The attorney for the employees of South Jersey's only medical marijuana dispensary said Monday that he would file a new petition with the National Labor Relations Board alleging that their attempt to join a union was blocked by their employer.
Mark E. Belland said he recently withdrew the complaint he filed this year on behalf of workers at the Compassionate Care Foundation facility in Egg Harbor Township because the rules for organizing a union changed this month.
"We plan to refile under the new rules, which set up a more streamlined and quicker process for employees who want to organize," Belland said. The new rules also require the employer "to identify all the issues that he intends to contest" if he opposes the bid to unionize, the lawyer said.
An NLRB spokesperson confirmed the rule changes, which took effect last Tuesday.
A majority of the 11 growers and dispensary employees at Compassionate Care, which is near Atlantic City, also filed unfair labor practices charges against their employer, according to United Food and Commercial Workers Local 152 in Mays Landing. The workers had approached Local 152 and asked for representation.
Belland said the unfair labor complaints are still under investigation by the NLRB. The employees contend Compassionate Care retaliated by lowering their wages and altering their hours. They earn between $12 and $25 an hour.
David Knowlton, chairman of the nonprofit Compassionate Care Foundation, said Monday that he is not against unions, but said, "We are waiting to stabilize our finances first." In an interview, Knowlton said the foundation "is technically insolvent" and is trying to find lenders to help with expenses. "The problem with not-for-profit marijuana dispensaries is you're operating without the benefit of investments and end up borrowing money at a very high rate," he said.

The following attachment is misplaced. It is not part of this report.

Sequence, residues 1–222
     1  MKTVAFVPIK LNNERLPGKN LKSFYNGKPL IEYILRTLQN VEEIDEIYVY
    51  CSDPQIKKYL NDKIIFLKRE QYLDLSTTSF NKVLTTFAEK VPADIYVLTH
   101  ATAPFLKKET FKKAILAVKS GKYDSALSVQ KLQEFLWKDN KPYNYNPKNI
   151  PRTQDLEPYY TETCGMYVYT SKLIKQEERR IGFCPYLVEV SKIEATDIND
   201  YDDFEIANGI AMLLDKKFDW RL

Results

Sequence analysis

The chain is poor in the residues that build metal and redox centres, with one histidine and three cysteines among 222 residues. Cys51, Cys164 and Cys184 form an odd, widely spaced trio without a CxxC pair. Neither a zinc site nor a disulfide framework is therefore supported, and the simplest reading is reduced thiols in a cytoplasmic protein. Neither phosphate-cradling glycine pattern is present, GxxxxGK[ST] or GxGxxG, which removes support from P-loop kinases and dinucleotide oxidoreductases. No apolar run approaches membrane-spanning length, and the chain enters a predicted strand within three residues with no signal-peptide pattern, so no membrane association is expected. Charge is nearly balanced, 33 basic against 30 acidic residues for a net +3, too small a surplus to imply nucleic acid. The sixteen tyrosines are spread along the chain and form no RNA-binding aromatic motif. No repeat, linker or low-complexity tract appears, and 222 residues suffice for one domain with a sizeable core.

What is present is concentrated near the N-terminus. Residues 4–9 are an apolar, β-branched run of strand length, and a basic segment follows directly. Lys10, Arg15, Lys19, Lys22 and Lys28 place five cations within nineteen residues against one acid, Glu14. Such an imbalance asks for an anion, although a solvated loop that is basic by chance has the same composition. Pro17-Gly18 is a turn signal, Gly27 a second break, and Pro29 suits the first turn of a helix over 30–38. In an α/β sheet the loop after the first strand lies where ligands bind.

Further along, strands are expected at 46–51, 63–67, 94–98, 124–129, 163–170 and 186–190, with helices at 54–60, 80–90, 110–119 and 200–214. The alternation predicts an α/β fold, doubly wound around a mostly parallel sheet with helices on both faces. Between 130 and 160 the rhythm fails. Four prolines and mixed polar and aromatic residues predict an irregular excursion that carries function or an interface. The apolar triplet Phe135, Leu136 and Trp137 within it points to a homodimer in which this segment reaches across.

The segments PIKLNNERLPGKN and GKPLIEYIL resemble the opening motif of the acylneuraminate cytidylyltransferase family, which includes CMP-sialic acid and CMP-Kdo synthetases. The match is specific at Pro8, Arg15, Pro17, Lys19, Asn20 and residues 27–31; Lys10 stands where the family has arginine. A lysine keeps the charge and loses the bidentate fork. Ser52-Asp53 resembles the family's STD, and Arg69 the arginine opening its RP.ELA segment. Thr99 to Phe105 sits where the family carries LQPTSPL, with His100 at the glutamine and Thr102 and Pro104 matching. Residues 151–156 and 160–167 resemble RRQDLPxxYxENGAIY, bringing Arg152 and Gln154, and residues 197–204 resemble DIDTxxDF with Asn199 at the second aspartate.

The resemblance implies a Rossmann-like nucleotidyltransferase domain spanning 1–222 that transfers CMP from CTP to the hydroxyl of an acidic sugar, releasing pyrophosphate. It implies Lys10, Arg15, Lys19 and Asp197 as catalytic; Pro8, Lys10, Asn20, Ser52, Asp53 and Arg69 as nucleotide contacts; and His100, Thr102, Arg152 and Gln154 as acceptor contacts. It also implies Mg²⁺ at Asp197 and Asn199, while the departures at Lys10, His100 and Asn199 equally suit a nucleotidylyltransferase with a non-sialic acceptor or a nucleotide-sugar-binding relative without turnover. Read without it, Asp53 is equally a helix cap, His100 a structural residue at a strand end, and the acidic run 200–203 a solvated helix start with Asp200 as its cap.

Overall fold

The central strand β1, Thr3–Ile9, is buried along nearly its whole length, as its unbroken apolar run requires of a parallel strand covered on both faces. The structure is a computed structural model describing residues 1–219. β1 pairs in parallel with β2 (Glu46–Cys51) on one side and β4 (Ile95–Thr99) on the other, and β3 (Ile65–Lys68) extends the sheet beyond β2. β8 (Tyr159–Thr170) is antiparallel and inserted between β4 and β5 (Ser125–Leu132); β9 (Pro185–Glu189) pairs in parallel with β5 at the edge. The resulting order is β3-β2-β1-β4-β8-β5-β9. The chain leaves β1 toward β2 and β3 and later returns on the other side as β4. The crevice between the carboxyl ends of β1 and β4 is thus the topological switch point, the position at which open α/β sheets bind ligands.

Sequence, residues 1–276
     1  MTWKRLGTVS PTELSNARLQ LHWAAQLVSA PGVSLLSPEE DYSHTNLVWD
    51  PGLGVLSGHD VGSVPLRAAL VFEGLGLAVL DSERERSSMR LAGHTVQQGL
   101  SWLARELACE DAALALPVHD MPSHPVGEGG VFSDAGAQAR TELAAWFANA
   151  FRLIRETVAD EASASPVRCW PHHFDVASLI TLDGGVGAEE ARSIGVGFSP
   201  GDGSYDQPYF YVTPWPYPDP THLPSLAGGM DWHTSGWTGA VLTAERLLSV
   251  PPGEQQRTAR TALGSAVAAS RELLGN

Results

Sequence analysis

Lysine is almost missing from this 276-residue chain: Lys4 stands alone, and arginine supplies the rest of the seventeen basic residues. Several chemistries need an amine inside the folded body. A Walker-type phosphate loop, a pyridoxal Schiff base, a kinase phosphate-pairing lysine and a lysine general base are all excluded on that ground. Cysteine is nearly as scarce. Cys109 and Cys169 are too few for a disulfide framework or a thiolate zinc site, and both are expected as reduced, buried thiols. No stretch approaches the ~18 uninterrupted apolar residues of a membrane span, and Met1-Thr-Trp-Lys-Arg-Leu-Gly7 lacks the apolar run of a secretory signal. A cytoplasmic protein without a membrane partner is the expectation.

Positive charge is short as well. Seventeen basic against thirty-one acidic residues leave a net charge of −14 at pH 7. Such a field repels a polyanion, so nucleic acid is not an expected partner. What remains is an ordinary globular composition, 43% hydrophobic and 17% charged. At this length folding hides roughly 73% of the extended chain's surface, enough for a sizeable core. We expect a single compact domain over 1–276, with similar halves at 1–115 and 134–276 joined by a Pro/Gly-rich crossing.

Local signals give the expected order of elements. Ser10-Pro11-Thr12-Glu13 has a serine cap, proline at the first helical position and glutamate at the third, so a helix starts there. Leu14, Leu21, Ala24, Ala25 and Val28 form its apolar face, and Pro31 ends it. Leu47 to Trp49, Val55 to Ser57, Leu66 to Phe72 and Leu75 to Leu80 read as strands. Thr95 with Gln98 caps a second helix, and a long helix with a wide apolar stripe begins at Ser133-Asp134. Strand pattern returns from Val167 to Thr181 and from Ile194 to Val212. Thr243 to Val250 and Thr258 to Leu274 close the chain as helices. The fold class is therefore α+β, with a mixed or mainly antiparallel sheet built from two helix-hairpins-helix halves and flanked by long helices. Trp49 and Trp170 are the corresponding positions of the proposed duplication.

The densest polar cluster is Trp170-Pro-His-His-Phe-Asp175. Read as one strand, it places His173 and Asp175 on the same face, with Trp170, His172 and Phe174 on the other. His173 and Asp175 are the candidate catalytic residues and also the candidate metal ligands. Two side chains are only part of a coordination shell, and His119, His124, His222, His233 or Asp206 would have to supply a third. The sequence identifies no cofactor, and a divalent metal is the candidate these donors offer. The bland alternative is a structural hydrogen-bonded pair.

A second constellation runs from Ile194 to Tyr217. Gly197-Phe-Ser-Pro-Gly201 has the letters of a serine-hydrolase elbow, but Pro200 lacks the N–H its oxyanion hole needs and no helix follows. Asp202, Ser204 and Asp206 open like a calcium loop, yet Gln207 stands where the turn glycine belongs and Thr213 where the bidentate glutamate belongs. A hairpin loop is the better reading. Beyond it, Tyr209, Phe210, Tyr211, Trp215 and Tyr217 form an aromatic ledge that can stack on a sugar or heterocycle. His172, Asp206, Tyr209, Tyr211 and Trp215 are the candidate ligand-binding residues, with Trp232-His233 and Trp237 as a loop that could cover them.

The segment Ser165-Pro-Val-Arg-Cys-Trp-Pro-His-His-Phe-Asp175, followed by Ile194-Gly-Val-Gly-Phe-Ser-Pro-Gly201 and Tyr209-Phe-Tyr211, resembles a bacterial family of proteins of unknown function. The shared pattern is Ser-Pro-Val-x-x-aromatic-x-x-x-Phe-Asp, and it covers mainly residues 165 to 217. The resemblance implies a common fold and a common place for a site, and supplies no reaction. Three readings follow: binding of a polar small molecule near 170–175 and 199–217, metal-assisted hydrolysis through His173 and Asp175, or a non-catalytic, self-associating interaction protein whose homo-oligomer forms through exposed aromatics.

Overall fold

Knowlton also said the charges of unfair labor practices are untrue.
Since opening in October 2013, the dispensary has served about 1,000 patients. Statewide, it is one of only three dispensaries that are open.
Knowlton also said Ballard Spahr, a Philadelphia-based law firm that he enlisted to represent Compassionate Care in the NLRB matter, had declined to continue with the case. He said the firm has asked the Pennsylvania Bar Association to clarify whether attorneys are legally permitted to represent marijuana dispensaries while the federal government still views the sale and possession of marijuana as illegal.
"The NLRB knows this . . . and I asked them to wait until the bar rules," Knowlton said, saying it would be unfair if he is forced to proceed without an attorney.
A representative for Ballard Spahr declined comment.
James J. Ferrelli, the former head of the Burlington County Bar Association, has convened a committee to study the issue of whether lawyers can represent or defend those in the medical marijuana business in New Jersey. "We haven't seen any situations where a lawyer has been subjected to disciplinary procedures," he said, but other states with medical marijuana laws have "tweaked" the rules for professional conduct to define what is and is not allowed. After reading legal and news reports on the issue, Ferrelli said, he volunteered to work on recommendations.